The thing about Sidney Crosby
is that he became so good, so fast – and handled it all so well -- people forgot how young he was.
Even now, people forget how young he … is.
Sid turns 21 today. Twenty one. In another life, he might be entering his senior year of college, getting ready to earn his degree and send out resumes, looking for a job to chart his place in the world. Instead, he is on the cusp of his fourth National Hockey League season, captain and leader of the hottest young team in hockey, trailblazing scorer and trophy winner, the fresh face of the new NHL and the game’s most marketable commodity.
Expectations always were great, the hype always enormous, especially as he dominated the highest ranks of Canadian major junior hockey to become two-time Canadian junior player of the year in 2004 and 2005. His career CHL points-per-game average of 2.51 was second in national history only to the 2.81 posted by someone named Lemieux. But even as he became the clear-cut No. 1 prospect in the 2005 NHL Entry Draft, the supreme prize of the first post-lockout draft lottery, the kind of franchise player every general manger dreamed about … no one could have imagined he would accomplish all this before he turned 21.
Consider that Crosby:
- Become the youngest player in NHL history to score 100 points (18 years, 253 days)
- Broke Mario Lemieux’s team rookie scoring record with 102 points
- Became the youngest player ever to lead the World Championships in scoring, in 2006
- Won the Art Ross Trophy as NHL scoring champion, the Hart Trophy as league MVP, the Lester B. Pearson Award as the game’s most outstanding player and was named First-Team NHL All-Star as a 19-year-old in 2006-07
- Became the youngest player ever to win the Art Ross Trophy.
- Became the youngest player ever to receive the Lester B. Pearson Award.
- Became the second-youngest player ever to win the Hart Trophy (Wayne Gretkzy)
- Became the youngest player to start in the NHL All-Star Game since fan balloting began in 1986
- Became the youngest team captain in NHL history (19 years, nine months)
- Led his team to the playoffs for the first time in six years in 2006-07
- Led his team to the Stanley Cup Finals for the first time in 16 years in 2007-08
And he’s even overcome adversity. Crosby’s shot at a second straight NHL scoring title vanished in 2007-08 when he suffered a high ankle sprain that sidelined him for almost 30 games. But it is intriguing to remember that he was tied for the NHL scoring lead with 63 points when he suffered the injury on Jan. 18, and he finished the season with a points-per-game average (1.36) that was virtually identical to that of the superbly talented league scoring champ Alexander Ovechkin (1.37).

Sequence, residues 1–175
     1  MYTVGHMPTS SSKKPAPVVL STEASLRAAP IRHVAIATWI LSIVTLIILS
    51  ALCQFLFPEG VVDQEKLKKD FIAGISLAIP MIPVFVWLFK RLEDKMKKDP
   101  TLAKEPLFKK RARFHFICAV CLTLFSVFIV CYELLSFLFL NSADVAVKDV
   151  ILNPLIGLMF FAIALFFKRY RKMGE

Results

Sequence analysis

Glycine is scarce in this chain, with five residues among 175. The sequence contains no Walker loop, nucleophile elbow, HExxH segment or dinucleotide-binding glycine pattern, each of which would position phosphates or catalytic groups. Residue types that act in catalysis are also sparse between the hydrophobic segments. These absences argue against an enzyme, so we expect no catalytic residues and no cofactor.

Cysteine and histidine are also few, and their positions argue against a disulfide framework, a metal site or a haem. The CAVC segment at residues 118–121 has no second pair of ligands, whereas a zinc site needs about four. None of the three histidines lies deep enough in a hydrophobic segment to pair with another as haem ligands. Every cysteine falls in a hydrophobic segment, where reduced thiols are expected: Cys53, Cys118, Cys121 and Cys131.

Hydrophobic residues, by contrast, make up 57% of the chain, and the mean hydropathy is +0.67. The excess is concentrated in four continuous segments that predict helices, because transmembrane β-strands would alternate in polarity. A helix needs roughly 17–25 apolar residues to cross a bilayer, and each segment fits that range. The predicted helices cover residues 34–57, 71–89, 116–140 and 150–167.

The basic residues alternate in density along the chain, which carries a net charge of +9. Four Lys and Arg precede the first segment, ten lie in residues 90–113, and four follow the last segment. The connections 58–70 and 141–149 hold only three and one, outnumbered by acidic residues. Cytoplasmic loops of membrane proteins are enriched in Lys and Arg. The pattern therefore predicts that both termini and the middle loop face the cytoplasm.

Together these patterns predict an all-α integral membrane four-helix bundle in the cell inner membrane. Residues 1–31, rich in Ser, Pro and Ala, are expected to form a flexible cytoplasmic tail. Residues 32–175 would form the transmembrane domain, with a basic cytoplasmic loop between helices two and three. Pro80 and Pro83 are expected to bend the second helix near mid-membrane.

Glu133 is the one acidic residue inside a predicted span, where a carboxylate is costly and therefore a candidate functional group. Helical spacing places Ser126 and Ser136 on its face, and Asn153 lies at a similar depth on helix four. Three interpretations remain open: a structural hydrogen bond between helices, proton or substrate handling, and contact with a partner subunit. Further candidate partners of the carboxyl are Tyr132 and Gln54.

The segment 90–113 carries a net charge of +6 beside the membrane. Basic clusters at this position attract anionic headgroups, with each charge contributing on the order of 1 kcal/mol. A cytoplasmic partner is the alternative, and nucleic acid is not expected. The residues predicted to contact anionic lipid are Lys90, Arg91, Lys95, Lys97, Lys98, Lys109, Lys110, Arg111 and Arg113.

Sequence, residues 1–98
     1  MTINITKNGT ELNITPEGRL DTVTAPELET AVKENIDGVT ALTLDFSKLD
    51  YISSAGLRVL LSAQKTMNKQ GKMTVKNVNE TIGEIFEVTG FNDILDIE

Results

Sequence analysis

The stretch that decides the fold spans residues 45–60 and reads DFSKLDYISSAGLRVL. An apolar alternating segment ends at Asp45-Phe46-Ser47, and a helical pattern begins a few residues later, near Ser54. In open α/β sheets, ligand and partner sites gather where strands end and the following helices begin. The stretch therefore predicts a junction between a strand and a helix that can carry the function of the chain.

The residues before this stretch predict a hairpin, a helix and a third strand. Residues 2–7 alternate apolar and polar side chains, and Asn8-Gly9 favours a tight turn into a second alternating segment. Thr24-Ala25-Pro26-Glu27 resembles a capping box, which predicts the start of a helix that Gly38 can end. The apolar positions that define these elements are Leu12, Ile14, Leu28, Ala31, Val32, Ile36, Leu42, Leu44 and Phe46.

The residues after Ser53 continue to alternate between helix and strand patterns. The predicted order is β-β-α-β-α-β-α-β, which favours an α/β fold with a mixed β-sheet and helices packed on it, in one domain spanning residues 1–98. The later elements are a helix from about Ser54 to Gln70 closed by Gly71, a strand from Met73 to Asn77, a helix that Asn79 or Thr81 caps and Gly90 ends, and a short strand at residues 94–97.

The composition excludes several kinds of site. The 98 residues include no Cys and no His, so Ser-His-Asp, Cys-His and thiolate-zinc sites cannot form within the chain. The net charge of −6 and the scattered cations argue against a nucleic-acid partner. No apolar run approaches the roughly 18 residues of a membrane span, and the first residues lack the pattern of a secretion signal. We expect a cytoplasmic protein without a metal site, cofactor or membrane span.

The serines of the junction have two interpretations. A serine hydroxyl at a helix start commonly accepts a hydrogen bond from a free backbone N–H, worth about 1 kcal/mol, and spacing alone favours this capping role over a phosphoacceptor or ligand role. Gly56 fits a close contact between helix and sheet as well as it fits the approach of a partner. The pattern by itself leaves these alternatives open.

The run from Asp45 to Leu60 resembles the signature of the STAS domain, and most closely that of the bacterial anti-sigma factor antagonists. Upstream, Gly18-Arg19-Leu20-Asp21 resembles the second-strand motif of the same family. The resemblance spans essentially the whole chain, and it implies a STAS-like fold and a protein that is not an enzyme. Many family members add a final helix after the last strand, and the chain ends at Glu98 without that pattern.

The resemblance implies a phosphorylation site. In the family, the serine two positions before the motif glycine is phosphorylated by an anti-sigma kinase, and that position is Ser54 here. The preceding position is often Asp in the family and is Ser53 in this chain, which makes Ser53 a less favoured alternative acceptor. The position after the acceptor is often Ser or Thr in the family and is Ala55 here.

Moreoever, he rebounded magnificently in the Stanley Cup playoffs, sharing the NHL playoff scoring lead with Detroit’s Henrik Zetterberg (despite playing two fewer games), leading the league in playoff assists, scoring two goals in the Penguins’ first win of the Cup Finals on home ice and hoisting his young team to within two wins of the sport’s ultimate prize.
Clearly, though, Crosby isn’t caught up in all he’s accomplished, because that prize – winning the Cup, and then winning more Cups – is what motivates him above all else.
In a recent interview with the Pittsburgh Tribune-Review, he identified losing in the Cup Finals as the greatest disappointment of his young career, said he’s still bothered by it, said that even several months after the fact, “being so close and not winning is still hard to digest.”
“Not closing the deal – its’ hard not to think about it,” he said. “Everybody I see brings it up. I’m reminded by it everywhere. You always see things on TV where guys had the Cup in their hometown. It’s a constant reminder. The memory of losing is not something that just goes away.
“I thought I was motivated before. It’s definitely more now. Being that close and not being able to do it – it’s just hard. The quicker you can get back to win it, the better.”
And so he’s not satisfied, not by a longshot – even with all the trophies, the records, the accolades, the long-term contract, the sponsorship deals.
Wealthy, accomplished and famous beyond any reasonable imagination as he turns 21, Sidney Crosby
is only just beginning.
Wait ’til he’s 22.